grassland management, Iron Age, landscape, species density, land-use history, diaspores, dispersal, species pool, packing, species, rehistoric settlements
in
Journal of Ecology
volume
95
issue
3
pages
574 - 582
publisher
Wiley-Blackwell
external identifiers
  • wos:000245693800017
  • scopus:34247188639
ISSN
1365-2745
DOI
10.1111/j.1365-2745.2007.01230.x
language
English
LU publication?
yes
id
3603f06f-3d7c-49f0-ad0a-b756b5b28b74 (old id 168633)
date added to LUP
2007-07-02 13:19:00
date last changed
2017-10-29 03:44:51
@article{3603f06f-3d7c-49f0-ad0a-b756b5b28b74,
  abstract     = {1 Species-rich semi-natural grasslands in Europe developed during prehistoric times and have endured due to human activity. At the same time, intensive grassland management or changes in land use may result in species extinction. As a consequence, plant diversity in semi-natural calcareous grasslands may be related to both historical and current human population density. <br/><br>
2 We hypothesize that current vascular plant diversity in semi-natural calcareous grasslands is positively correlated with the Late Iron Age (c. 800-1000 years ago) density of human settlements (indicated by Late Iron Age fortresses and villages) due to enhancement of grassland extent and species dispersal, and negatively correlated with current human population density due to habitat loss and deterioration.<br/><br>
<br/><br>
3 We described the size of the community vascular plant species pool, species richness per 1 m(2) and the relative richness (richness divided by the size of the species pool) in 45 thin soil, calcareous (alvar) grasslands in Estonia. In addition to historical and current human population density we considered simultaneously the effects of grassland area, connectivity to other alvar grasslands, elevation above sea level (indicating grassland age), soil pH, soil N, soil P, soil depth, soil depth heterogeneity, geographical east-west gradient, precipitation and spatial autocorrelation.<br/><br>
<br/><br>
4 Both the size of the community species pool and the species richness are significantly correlated with the Late Iron Age human population density. In addition, species richness was unimodally related to the current human population density. The relative richness (species 'packing density') was highest in the intermediate current human population densities, indicative of moderate land-use intensity.<br/><br>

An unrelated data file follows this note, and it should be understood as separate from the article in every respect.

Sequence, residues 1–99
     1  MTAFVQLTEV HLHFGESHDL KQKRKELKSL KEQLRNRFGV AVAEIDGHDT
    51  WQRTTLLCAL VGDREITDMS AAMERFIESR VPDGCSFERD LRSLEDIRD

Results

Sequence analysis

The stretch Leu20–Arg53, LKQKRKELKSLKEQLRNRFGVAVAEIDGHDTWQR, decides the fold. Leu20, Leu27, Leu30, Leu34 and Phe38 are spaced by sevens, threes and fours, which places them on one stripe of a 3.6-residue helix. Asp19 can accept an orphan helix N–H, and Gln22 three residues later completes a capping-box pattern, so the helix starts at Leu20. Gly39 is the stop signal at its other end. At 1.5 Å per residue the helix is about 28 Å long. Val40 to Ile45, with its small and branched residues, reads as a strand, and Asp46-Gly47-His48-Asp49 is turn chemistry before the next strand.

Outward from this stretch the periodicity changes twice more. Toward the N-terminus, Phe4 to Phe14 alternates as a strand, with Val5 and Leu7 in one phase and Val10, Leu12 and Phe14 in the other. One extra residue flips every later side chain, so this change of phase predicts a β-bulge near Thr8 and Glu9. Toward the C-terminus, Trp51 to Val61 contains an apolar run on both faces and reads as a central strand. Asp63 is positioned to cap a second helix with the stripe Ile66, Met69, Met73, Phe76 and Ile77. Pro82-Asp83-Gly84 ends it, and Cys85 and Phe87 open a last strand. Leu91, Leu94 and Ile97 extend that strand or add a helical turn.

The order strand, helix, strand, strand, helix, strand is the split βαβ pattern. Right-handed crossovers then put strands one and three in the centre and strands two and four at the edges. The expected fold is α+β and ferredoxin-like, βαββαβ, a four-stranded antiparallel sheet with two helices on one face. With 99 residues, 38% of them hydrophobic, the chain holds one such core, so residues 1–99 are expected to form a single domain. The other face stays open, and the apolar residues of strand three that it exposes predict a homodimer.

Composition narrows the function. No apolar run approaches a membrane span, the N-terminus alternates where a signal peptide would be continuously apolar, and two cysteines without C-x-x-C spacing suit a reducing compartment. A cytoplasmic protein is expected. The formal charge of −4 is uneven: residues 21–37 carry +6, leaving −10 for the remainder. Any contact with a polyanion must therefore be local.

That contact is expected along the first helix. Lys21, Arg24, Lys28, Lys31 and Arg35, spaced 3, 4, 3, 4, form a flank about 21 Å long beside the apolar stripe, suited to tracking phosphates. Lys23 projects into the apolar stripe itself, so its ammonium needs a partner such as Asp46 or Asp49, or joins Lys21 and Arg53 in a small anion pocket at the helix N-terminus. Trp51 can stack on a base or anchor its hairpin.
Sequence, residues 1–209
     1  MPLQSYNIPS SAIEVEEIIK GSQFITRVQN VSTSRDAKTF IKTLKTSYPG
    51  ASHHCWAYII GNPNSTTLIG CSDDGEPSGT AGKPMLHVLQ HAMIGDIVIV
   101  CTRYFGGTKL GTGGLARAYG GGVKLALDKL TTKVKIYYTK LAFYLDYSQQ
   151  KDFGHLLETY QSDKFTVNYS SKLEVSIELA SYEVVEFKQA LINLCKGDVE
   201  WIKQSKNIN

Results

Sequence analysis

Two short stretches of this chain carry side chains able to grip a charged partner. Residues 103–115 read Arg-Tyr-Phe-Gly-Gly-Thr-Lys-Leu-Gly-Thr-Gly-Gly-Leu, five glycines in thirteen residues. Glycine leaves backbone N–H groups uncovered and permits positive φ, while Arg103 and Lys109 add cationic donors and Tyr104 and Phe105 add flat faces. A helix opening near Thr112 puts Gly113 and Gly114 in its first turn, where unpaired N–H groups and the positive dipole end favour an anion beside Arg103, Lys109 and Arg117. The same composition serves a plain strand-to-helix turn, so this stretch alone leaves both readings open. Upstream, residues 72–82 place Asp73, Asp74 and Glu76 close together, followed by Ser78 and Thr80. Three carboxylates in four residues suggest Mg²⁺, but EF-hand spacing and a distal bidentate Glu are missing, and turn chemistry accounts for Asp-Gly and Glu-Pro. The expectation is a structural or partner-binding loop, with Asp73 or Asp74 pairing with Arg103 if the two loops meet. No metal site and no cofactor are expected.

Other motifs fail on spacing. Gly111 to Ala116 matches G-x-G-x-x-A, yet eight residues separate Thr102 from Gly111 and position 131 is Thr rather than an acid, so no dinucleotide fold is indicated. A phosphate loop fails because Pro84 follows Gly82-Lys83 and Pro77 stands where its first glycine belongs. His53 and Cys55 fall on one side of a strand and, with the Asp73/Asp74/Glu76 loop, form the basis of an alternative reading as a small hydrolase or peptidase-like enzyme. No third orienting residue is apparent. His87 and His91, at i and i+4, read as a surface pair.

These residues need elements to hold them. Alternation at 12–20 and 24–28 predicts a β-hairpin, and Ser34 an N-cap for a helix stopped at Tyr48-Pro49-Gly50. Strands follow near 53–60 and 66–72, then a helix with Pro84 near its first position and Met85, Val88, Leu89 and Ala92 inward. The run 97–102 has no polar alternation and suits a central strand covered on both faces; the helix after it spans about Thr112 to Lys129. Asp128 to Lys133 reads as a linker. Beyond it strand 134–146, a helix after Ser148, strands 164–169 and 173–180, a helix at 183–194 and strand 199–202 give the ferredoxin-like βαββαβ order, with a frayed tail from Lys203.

<br/><br>
5 Community species pool size decreased non-linearly with increasing soil N, and was highest at intermediate elevation. Small-scale richness was greater when sites were well connected and when the elevation was intermediate. Spatial autocorrelation was also significant for both species pool size and small-scale richness.<br/><br>
<br/><br>
6 In summary, human land-use legacy from prehistoric times is an important aspect in plant ecology, which could be an important contributor to the current variation in biodiversity.},
  author       = {Partel, M and Helm, A and Reitalu, Triin and Liira, J and Zobel, M},
  issn         = {1365-2745},
  keyword      = {grassland management,Iron Age,landscape,species density,land-use history,diaspores,dispersal,species pool,packing,species,rehistoric settlements},
  language     = {eng},
  number       = {3},
  pages        = {574--582},
  publisher    = {Wiley-Blackwell},
  series       = {Journal of Ecology},
  title        = {Grassland diversity related to the Late Iron Age human population density},
  url          = {http://dx.doi.org/10.1111/j.1365-2745.2007.01230.x},
  volume       = {95},
  year         = {2007},
}